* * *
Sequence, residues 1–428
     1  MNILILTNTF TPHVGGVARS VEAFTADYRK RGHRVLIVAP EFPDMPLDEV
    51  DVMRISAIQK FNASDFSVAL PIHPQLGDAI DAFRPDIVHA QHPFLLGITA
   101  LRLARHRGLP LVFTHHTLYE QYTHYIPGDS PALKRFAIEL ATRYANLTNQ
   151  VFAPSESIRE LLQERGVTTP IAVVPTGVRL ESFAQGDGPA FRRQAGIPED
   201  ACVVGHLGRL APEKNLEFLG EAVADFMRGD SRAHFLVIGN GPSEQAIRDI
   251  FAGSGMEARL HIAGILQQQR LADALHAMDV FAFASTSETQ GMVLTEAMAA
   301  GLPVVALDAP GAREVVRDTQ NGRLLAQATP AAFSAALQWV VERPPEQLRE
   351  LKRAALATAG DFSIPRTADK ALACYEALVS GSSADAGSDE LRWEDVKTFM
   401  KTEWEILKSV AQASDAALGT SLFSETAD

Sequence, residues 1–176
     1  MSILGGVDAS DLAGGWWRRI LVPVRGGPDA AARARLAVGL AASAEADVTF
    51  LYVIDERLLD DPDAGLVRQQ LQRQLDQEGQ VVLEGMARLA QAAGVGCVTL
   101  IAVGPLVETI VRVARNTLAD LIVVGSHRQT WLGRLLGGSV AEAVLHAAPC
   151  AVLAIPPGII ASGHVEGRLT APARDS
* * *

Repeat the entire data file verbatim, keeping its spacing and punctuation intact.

Sequence, residues 1–428
     1  MNILILTNTF TPHVGGVARS VEAFTADYRK RGHRVLIVAP EFPDMPLDEV
    51  DVMRISAIQK FNASDFSVAL PIHPQLGDAI DAFRPDIVHA QHPFLLGITA
   101  LRLARHRGLP LVFTHHTLYE QYTHYIPGDS PALKRFAIEL ATRYANLTNQ
   151  VFAPSESIRE LLQERGVTTP IAVVPTGVRL ESFAQGDGPA FRRQAGIPED
   201  ACVVGHLGRL APEKNLEFLG EAVADFMRGD SRAHFLVIGN GPSEQAIRDI
   251  FAGSGMEARL HIAGILQQQR LADALHAMDV FAFASTSETQ GMVLTEAMAA
   301  GLPVVALDAP GAREVVRDTQ NGRLLAQATP AAFSAALQWV VERPPEQLRE
   351  LKRAALATAG DFSIPRTADK ALACYEALVS GSSADAGSDE LRWEDVKTFM
   401  KTEWEILKSV AQASDAALGT SLFSETAD

Sequence, residues 1–176
     1  MSILGGVDAS DLAGGWWRRI LVPVRGGPDA AARARLAVGL AASAEADVTF
    51  LYVIDERLLD DPDAGLVRQQ LQRQLDQEGQ VVLEGMARLA QAAGVGCVTL
   101  IAVGPLVETI VRVARNTLAD LIVVGSHRQT WLGRLLGGSV AEAVLHAAPC
   151  AVLAIPPGII ASGHVEGRLT APARDS